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What is an expat?

This might sound like a silly question, but it is something that comes up often when I talk to travellers, so I thought I’d dedicate this weeks post to it.

When it comes to relocating overseas you may have heard the word expat, ex pat or expatriate. There are many words to describe people who move overseas and what’s most interesting to me is the meaning we assign to a word and how it affects our identity. For example, if you are considered an expat compared to a refugee, you’ll be viewed very different by society and others. The options available for you to move somewhere and to set up your base in another country also vary a lot depending your circumstances and how they are defined.

As I did this research, I thought it would be interesting to share some common words to describe people who travel, relocate or move across borders:

  • Expat (short for Expatriate) – a person who temporarily or permanently lives outside their native country. The word actually originates from latin with the rough meaning ‘to be banished from ones country‘.
  • Traveller a person who moves around and lives somewhere for shorter periods of time. Focus on the continued travel and nomadic experience. In some countries the word traveller can be used for Gypsies or people living a nomadic life.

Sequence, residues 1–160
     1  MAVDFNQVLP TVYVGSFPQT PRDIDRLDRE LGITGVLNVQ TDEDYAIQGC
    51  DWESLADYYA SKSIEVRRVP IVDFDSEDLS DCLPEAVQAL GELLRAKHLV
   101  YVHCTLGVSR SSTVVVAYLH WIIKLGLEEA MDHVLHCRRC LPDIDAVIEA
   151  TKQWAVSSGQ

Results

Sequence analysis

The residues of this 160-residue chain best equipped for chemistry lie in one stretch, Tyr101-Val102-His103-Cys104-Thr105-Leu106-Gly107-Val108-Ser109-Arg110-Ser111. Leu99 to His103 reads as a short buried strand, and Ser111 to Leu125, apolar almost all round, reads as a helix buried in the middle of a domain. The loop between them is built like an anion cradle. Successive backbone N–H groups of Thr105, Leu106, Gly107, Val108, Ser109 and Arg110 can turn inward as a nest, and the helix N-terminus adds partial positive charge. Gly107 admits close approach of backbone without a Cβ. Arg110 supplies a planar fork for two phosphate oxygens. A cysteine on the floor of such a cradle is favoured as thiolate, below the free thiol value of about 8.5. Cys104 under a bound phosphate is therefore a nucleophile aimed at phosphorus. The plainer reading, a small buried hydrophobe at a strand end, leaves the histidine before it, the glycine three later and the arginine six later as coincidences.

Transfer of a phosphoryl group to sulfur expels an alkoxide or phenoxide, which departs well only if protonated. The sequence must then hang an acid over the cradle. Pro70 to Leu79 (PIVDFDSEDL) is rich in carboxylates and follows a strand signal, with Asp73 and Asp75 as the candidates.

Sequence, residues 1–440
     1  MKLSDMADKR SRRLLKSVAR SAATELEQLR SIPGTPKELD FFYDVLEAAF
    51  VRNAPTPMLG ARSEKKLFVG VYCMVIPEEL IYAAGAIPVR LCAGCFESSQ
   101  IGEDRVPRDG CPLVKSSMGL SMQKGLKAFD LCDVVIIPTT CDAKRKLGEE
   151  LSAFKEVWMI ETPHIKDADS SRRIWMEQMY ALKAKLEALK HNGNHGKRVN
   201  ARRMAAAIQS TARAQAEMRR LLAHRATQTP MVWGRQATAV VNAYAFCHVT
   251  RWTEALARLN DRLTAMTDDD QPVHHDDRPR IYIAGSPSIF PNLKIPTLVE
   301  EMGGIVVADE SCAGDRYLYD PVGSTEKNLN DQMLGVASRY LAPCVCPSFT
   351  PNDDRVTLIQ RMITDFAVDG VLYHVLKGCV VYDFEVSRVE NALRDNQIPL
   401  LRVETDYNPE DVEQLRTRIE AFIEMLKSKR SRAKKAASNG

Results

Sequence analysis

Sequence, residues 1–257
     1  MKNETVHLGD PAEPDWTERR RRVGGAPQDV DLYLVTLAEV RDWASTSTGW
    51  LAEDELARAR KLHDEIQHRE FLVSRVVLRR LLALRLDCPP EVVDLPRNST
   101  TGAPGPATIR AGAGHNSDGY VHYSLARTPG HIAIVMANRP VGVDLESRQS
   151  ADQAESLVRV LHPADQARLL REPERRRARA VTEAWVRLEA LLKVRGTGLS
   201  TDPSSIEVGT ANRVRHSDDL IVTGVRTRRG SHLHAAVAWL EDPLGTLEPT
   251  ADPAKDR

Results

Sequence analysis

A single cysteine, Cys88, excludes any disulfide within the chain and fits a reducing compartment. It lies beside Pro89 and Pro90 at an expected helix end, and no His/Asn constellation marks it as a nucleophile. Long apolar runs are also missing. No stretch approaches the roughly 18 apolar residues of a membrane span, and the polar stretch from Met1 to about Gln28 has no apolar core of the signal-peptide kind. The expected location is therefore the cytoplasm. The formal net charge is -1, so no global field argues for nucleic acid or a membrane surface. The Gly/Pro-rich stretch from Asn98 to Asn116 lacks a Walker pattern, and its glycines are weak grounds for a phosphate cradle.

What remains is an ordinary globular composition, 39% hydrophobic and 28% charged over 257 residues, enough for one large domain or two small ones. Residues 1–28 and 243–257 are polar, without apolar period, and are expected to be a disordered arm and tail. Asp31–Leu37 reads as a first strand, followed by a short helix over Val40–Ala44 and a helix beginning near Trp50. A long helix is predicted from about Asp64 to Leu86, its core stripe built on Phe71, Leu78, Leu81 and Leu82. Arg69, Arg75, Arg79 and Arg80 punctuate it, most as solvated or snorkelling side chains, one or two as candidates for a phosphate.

• Migrant – a person who makes a conscious choice to leave their country to seek a better life elsewhere. They are free to return home at any time if things don’t work out, if they get homesick or if they wish to visit family members and friends left behind.
  • Immigrant – a person who migrates to another country, usually for permanent residence.
  • Refugee – a person forced to leave their country because they are at risk of, or have experienced persecution. The concerns of refugees are human rights and safety, not economic advantage.

I find it interesting because as a long term expat, having lived in several countries over the past 14 years, I can identify with many of these words. I’m definitely an expat most of the time (I’m one of those people who can never 100% decide where my home is forever), but I’m also a migrant and an immigrant. I’ve been a traveller during periods of my life, but I guess the main difference is that I’ve often had a base or hub somewhere to return back to after my travels.

I do realise that the word that might stick out in the list above is refugee. I’ve left it on the list with a purpose. I’m fortunate to never have had to become a refugee, and it deeply upsets me to see so many people in this world forced to leave their home, march long distances across boarders and make dangerous journeys, often with no hope of returning back for a very, very long time. They key thing here is being a refugee has little to do with choice, compared to all the other words on the list. A migrant chooses to leave their home and seek a better life somewhere else, a refugee has to in order to survive.

So now I’m curious – what words do you use to describe yourself living overseas in another country? Do you feel that any of the words above relate to how you would describe yourself.